One of the reasons I was excited to go to New Zealand was that one of my last visits would be at Kumeu River.  Their Mate’s Vineyard Chardonnay had been one my favorite New Zealand Chardonnays. That is until I discovered two Chardonnays from Hawke’s Bay from the same vineyard, Skeetfield, that truly tasted like white Burgundy. Both Tony Bish and Rod Easthope produce stunning examples of Chardonnay off the same vineyard and, since they are both in the Mondiale Wines portfolio, I recently had the chance to taste them side by side. I highly recommend it.

When I arrived in New Zealand, the New Zealand Winemaker of the year awards were just about to be presented and Tony Bish was one of the six finalists.  Tony was being recognized for both his work at Sacred Hill and his own Tony Bish Wines.  Reading his background on the awards website made me very excited about meeting this skier turned winemaker turned legend. When I found out his winery was also a wine bar called Urban Winery, I was all the more intrigued and excited.  Speaking with Tony and his wife Karryn a day or two after the awards ceremony, I was awash in their thrill of the awards ceremony, including Karen’s pictures with Sam Neill of Jurassic Park fame, owner of Two Paddocks and one of the funniest follows on Twitter.

Tony is still a shareholder and consultant at Sacred Hill but since 2013 he has been focusing exclusively on Chardonnay and is producing his wines at the Urban Winery in Napier.  Having his own winery has allowed him to experiment with concrete and wooden eggs including a 2,000-liter Taransaud Ovum.  The Ovum is the beautiful wooden egg that graces the cover of our website.  We will import just a few cases of the Zen Chardonnay, the first Chardonnay in the world made exclusively in an Ovum.  While the Fat & Sassy Chardonnay is machine harvested, the grapes for the rest of his wines are handpicked and whole bunch pressed at Sacred Hill.  The juice is then brought back to the Urban Winery where all but the Fat & Sassy are fermented in concrete eggs.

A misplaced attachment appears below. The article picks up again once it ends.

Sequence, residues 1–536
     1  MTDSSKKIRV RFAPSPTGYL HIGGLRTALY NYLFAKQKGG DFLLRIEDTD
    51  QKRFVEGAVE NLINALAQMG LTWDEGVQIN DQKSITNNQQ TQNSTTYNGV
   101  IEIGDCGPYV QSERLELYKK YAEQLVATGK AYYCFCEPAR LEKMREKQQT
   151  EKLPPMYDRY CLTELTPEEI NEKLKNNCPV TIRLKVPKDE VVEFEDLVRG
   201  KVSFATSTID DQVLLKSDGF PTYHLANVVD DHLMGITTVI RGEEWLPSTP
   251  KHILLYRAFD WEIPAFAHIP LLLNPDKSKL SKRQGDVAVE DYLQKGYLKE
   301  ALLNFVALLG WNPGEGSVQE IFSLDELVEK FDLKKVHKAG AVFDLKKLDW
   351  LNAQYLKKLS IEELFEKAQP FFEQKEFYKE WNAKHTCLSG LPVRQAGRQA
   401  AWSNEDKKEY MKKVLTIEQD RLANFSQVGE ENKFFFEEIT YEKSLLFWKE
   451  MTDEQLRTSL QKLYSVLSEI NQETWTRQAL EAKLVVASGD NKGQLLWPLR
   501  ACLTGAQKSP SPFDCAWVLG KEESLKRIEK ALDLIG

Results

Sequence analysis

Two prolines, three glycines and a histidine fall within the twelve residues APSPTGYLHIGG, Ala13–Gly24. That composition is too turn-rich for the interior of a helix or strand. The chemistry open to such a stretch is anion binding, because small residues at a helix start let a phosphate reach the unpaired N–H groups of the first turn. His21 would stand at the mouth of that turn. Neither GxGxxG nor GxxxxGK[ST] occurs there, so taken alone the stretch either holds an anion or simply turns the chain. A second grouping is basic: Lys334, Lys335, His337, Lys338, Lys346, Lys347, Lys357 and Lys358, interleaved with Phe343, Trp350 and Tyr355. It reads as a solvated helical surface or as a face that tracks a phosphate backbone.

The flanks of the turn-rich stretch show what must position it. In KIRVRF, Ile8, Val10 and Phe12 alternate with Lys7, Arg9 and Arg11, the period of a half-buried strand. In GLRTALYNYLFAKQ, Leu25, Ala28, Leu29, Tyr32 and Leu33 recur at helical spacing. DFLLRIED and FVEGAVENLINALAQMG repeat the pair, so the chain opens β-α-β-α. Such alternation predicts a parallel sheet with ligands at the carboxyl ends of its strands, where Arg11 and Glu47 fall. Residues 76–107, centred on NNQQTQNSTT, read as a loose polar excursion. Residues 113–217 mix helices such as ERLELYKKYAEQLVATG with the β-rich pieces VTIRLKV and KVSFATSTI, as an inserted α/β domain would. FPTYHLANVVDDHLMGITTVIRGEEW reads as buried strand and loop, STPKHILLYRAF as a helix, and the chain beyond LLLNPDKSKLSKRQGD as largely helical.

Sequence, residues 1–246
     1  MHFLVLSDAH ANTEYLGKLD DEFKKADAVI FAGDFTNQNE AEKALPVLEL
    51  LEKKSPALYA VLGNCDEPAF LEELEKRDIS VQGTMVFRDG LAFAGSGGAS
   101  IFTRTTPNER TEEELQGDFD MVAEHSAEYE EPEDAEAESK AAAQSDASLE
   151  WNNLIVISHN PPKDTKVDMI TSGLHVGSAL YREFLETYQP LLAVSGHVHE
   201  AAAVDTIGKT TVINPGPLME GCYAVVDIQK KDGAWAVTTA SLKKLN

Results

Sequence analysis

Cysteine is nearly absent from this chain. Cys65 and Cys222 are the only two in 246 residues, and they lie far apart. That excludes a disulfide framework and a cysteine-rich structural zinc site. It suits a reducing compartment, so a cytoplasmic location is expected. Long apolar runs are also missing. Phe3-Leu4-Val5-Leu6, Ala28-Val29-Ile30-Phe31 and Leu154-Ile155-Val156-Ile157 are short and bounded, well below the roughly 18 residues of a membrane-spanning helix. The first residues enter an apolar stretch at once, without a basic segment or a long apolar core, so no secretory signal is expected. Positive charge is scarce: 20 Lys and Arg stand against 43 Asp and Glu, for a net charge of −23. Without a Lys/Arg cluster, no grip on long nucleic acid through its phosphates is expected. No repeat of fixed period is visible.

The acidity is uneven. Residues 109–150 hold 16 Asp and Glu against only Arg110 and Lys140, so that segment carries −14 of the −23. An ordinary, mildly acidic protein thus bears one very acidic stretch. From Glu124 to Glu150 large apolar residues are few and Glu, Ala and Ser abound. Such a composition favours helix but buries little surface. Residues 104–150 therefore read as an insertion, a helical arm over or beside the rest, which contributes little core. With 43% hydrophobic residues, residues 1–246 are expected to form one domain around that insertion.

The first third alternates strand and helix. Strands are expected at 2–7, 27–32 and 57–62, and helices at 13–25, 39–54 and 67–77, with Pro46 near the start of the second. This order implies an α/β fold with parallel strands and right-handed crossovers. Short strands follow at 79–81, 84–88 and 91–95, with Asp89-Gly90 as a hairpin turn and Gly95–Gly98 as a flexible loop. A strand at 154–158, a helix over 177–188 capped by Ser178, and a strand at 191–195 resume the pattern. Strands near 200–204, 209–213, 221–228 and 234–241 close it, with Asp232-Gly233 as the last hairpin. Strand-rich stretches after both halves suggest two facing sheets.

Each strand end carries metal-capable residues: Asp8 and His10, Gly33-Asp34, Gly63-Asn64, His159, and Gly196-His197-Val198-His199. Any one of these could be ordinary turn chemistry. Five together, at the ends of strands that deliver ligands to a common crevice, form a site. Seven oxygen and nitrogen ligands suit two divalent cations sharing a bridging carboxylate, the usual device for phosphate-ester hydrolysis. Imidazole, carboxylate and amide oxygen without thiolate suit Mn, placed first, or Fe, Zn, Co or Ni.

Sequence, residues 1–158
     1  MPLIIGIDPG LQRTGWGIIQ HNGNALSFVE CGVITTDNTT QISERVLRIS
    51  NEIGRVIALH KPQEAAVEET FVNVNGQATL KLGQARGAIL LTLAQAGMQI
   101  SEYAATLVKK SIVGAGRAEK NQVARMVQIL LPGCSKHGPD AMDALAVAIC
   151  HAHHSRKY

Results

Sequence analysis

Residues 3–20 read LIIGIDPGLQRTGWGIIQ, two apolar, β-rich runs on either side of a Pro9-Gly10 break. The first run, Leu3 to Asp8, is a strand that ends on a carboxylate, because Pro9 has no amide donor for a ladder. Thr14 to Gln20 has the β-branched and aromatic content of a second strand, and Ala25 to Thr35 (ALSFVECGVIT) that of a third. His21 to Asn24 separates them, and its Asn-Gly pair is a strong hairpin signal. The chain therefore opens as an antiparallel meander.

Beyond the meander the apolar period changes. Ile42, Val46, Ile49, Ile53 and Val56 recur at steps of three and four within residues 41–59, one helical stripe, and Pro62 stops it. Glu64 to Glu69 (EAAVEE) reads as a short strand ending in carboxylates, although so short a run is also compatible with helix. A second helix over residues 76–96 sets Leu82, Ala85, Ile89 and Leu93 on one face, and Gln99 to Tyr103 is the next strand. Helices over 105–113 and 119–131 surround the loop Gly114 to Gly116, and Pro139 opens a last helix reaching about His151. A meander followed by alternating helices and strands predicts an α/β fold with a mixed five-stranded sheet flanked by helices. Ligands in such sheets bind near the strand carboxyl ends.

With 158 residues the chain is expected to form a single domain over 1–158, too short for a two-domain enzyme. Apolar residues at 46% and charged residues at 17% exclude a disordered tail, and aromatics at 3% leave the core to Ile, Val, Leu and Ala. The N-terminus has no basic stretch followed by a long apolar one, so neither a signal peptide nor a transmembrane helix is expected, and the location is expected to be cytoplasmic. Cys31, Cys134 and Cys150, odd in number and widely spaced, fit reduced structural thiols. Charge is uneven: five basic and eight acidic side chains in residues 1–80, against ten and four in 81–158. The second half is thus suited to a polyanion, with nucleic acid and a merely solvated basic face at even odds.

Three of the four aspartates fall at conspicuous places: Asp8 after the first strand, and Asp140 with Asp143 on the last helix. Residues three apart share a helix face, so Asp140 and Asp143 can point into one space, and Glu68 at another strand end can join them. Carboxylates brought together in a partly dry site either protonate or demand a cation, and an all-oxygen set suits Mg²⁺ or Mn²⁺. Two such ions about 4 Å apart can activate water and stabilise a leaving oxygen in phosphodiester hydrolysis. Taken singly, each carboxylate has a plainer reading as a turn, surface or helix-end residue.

I’ll let the winemakers share in future blogs about their winemaking techniques and why they like to ferment in concrete and/or wooden eggs, but for me, in reviewing my tasting notes from my visit with Tony, I was struck by how much structure and mouthfeel was present in each wine made using eggs.  Repeatedly, my notes say, “tastes like white Burgundy”.  And then, after tasting the Skeetfield Chardonnay, I wrote my highest compliment yet – “investment level wine”, meaning I think the wine has an ability to gain or retain value, to become a collectible wine, just like some of the greatest white Burgundies.  For me, that’s the highest compliment I can pay a wine and the man that made it.

Time Posted: Mar 28, 2019 at 5:10 PM
Ann Feely
 
February 28, 2019 | Ann Feely

"I am NOT drinking any f***ing Merlot!"

During the planning phase of my first trip to New Zealand, Martin Cahnbley (Planet Wine) and I were discussing which wine regions I should visit.  I said that I really wanted to go to Central Otago, Marlborough, and Martinborough. Martin insisted I add Hawke’s Bay to that list.  He said there were some very small, very innovative winemakers there that I needed to visit.  I was not happy with his suggestion.

New Zealand is an immensely beautiful country, but it’s also difficult to get around for someone like me who does not like driving on the other side of the road.  And this was a road trip – five flights within New Zealand and driving myself from winery to winery.  Including one harrowing drive from Wellington to Martinborough over a mountain in the rain while gripping the steering wheel so hard my hands ached. Visiting Hawke’s Bay would mean arriving on a Friday night and visiting wineries on a Saturday and Sunday.  This was also in late January when most Kiwi’s are enjoying their last days of Summer holidays before school begins.  I didn’t think it would work.

I didn’t want to go for other reasons too.  In all my wine studies and tasting experiences, somehow, I got Hawke’s Bay and over-ripe Merlot burned into my brain.  Just like we all have Marlborough Sauvignon Blanc seared into our palate memory, I had Hawke’s Bay and Merlot forever intertwined. I was insistent on not going. Martin was very insistent on my going.  That’s when I said, “I am NOT going to f***ing Hawke’s Bay!” Martin laughed at me and my ignorance, told me to relax and he would set me up for visits with two people I just HAD to meet before I left New Zealand.